By BeauHD from Slashdot's tables-turned department
In October, Kaspersky Labs was sued by a "do-nothing patent holder in East Texas who demanded a cash settlement before it would go away," reports Ars Technica. Today, founder and CEO Eugene Kaspersky said his company has defeated five patent assertion entities, including the infamous claims from Lodsys, "a much-maligned patent holder that sent demand letters to small app developers." The patent-licensing company who sued Kaspersky Labs in October was not only defeated, but they ended up paying Kaspersky $5,000 to end the litigation. From the report: The patent-licensing company, Wetro Lan LLC, owned U.S. Patent No. 6,795,918, which essentially claimed an Internet firewall. The patent was filed in 2000 despite the fact that computer network firewalls date to the 1980s. The '918 patent was used in what the Electronic Frontier Foundation called an "outrageous trolling campaign," in which dozens of companies were sued out of Wetro Lan's "headquarters," a Plano office suite that it shared with several other firms that engage in what is pejoratively called "patent-trolling." Wetro Lan's complaints argued that a vast array of Internet routers and switches infringed its patent. Most companies sued by Wetro Lan apparently reached settlements within a short time, a likely indicator of low-value settlement demands. Not a single one of the cases even reached the claim construction phase. But Kaspersky wouldn't pay up. As claim construction approached, Kaspersky's lead lawyer Casey Kniser served discovery requests for Wetro Lan's other license agreements. He suspected the amounts were low. Wetro Lan's settlement demands kept dropping, down from its initial "amicable" demand of $60,000. Eventually, the demands reached $10,000 -- an amount that's extremely low in the world of patent litigation. Kniser tried to explain that it didn't matter how far the company dropped the demand. "Kaspersky won't pay these people even if it's a nickel," he said. Then Kniser took a new tack. "We said, actually, $10,000 is fine," said Kniser. "Why don't you pay us $10,000?" After some back-and-forth, Wetro Lan's lawyer agreed to pay Kaspersky $5,000 to end the litigation. Papers were filed Monday, and both sides have dropped their claims.Read Replies (0)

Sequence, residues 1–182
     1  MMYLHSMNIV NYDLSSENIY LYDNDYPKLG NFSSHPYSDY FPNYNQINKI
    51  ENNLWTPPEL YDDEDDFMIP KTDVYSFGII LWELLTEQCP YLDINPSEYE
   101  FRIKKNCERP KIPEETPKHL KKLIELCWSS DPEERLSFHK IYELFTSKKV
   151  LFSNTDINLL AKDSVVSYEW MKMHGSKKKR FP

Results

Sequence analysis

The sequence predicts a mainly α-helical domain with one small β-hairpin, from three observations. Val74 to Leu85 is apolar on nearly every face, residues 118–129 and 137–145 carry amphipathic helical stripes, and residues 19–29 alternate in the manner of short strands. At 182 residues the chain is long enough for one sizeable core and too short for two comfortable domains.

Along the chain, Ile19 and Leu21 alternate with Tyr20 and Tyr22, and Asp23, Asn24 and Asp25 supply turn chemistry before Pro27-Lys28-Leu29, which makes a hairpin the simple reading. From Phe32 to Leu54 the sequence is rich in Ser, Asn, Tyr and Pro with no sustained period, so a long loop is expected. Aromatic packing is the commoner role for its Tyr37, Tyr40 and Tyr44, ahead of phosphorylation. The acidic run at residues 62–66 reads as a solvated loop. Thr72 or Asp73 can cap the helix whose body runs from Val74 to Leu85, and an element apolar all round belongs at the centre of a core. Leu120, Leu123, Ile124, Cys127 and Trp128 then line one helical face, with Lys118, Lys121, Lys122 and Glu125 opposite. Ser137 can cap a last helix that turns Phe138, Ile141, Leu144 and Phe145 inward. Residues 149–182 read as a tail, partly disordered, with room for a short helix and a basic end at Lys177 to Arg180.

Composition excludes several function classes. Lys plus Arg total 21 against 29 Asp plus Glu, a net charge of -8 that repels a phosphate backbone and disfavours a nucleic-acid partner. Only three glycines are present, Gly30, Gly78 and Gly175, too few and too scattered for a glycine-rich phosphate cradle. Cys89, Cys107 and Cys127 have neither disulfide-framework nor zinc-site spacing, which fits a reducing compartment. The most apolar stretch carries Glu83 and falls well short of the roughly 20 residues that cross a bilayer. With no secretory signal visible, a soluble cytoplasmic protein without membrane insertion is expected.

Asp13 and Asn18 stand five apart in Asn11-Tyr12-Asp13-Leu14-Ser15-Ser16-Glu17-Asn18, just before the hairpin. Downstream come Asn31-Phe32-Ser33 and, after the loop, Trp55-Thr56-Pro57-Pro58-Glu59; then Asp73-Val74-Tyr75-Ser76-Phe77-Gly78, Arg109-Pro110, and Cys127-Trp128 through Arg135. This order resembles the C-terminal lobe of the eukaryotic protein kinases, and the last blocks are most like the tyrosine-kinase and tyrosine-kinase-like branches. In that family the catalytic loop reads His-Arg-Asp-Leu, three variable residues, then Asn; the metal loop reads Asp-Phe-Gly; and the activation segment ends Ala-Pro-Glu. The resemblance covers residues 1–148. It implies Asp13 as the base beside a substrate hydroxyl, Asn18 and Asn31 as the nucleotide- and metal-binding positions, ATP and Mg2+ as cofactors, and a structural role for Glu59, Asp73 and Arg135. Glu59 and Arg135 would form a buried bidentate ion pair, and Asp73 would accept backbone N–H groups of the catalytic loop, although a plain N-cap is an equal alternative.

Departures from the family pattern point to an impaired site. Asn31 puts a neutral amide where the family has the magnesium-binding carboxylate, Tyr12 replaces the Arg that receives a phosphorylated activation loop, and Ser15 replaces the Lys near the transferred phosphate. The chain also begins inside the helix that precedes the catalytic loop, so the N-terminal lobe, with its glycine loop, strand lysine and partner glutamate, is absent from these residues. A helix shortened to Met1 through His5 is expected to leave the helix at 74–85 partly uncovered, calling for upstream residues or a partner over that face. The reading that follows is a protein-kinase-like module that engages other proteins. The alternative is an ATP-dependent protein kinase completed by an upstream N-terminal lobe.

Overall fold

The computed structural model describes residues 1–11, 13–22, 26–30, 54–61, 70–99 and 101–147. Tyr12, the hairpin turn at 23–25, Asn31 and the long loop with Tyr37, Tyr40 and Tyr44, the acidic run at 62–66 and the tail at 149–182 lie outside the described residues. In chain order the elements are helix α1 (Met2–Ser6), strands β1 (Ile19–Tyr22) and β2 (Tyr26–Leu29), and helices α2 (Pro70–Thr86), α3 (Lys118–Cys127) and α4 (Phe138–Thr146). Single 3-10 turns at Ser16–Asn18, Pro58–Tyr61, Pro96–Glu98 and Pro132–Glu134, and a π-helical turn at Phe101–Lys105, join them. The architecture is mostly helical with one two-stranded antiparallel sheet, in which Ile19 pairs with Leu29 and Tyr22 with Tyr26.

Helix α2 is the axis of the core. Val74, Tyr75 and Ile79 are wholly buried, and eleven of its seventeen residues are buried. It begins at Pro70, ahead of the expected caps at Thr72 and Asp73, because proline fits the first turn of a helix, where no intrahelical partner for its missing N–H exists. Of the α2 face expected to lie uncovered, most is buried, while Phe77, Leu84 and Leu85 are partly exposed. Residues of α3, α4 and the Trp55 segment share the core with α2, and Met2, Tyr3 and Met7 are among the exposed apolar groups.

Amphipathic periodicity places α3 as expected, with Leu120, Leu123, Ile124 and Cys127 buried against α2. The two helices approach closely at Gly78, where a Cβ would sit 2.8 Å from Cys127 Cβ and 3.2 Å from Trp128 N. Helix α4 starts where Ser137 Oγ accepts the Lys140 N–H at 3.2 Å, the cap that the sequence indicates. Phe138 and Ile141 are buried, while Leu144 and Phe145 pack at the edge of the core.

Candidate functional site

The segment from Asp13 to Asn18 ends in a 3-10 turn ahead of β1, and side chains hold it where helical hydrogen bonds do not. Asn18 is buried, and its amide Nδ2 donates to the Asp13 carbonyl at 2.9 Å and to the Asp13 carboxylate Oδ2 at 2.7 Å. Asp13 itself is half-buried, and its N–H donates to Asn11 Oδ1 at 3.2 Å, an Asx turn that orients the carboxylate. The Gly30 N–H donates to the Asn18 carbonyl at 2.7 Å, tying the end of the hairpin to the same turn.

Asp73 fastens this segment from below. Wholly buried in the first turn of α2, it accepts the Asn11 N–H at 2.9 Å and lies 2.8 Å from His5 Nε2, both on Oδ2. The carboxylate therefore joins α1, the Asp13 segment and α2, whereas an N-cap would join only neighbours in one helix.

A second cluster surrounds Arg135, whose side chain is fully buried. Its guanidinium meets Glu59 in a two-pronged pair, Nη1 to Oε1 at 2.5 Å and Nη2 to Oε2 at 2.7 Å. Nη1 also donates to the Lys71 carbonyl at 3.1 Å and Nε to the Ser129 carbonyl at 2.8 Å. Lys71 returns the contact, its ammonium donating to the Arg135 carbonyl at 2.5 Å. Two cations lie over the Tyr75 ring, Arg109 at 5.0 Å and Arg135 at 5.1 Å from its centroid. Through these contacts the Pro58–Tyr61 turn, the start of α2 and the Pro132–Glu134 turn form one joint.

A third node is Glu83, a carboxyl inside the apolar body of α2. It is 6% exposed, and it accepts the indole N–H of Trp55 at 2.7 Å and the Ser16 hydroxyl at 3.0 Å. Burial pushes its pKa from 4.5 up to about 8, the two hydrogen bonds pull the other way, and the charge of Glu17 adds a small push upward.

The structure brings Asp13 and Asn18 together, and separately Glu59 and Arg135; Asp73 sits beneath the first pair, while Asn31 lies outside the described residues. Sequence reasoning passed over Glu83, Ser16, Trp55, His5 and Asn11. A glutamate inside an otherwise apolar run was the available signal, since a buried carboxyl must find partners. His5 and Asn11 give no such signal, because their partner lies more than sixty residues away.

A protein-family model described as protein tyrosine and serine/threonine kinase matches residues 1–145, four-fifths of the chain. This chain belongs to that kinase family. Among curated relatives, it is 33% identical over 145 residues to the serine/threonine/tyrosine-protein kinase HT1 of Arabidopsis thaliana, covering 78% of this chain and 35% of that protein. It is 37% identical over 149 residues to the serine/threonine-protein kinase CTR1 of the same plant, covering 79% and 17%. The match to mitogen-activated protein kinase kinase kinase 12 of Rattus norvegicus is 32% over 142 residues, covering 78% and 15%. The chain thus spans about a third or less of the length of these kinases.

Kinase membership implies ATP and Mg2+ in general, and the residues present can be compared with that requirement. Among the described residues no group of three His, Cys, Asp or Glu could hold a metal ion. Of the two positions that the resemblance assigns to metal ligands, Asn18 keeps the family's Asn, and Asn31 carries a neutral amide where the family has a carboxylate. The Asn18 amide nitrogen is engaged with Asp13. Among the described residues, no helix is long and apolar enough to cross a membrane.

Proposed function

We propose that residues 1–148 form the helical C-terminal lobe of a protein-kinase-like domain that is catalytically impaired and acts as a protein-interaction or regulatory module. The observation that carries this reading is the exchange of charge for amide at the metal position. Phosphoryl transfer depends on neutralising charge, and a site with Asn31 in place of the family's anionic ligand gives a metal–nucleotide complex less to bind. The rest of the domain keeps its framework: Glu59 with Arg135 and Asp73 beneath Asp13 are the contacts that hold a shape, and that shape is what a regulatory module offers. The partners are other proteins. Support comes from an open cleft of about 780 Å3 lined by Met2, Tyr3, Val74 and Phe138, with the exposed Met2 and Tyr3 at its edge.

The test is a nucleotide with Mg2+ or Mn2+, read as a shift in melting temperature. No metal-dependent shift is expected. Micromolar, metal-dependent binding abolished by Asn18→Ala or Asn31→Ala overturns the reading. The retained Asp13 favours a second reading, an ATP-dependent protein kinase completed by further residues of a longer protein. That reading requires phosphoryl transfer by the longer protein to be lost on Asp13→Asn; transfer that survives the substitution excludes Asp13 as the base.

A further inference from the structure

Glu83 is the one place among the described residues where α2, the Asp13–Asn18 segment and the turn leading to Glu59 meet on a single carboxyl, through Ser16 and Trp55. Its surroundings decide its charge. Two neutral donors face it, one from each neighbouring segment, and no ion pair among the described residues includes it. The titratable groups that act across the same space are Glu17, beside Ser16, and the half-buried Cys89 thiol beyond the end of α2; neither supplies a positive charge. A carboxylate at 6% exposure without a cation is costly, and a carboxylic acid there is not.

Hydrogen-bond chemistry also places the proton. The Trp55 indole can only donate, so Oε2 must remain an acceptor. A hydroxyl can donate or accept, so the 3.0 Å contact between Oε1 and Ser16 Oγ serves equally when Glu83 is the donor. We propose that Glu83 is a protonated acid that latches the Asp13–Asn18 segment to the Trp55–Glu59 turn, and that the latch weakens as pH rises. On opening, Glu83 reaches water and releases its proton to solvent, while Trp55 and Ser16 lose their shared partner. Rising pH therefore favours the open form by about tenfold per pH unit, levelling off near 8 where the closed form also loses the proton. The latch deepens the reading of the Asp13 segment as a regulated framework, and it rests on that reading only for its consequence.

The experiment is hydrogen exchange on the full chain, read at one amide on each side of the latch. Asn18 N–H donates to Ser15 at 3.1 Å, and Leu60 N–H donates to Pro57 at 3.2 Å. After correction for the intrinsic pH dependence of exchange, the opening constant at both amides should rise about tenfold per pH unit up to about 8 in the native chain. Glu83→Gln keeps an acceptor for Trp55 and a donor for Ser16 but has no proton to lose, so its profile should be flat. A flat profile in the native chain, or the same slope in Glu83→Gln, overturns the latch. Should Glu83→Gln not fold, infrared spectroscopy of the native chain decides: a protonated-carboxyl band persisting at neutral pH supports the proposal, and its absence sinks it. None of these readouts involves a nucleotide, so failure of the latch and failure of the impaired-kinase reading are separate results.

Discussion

By BeauHD from Slashdot's integration-arms-race department
Google announced today several new third-party speakers that will support the Assistant. Their blog post is a follow-up to a post in May where they announced the general availability of the Google Assistant SDK, which lets anyone download and run the Google Assistant on the gadget of their choice. TechCrunch reports: That's likely to be good for both the voice-powered assistant market, as well as for Google's ability to use its service to collect useful data which it can then use to work on its advertising and marketing products. The more places Assistant appears, the more likely it is that people will engage with the voice companion, and that's not territory Google wants to cede to someone like Amazon. Some of the devices getting Google Assistant coming to IFA include the Anker Zolo Mojo, a small cylinder speaker that's sort of like a third-party Google Home, which will go on sale in late October. Two other smart speakers powered by Assistant, including the Panasonic GA10 and the TicHome Mini, are also on their way. Google is also now making it possible to use Assistant to check on the state of your laundry or dishes, using an integration with LG's line of home appliances, which also includes voice commands for LG's Roomba competitor.Read Replies (0)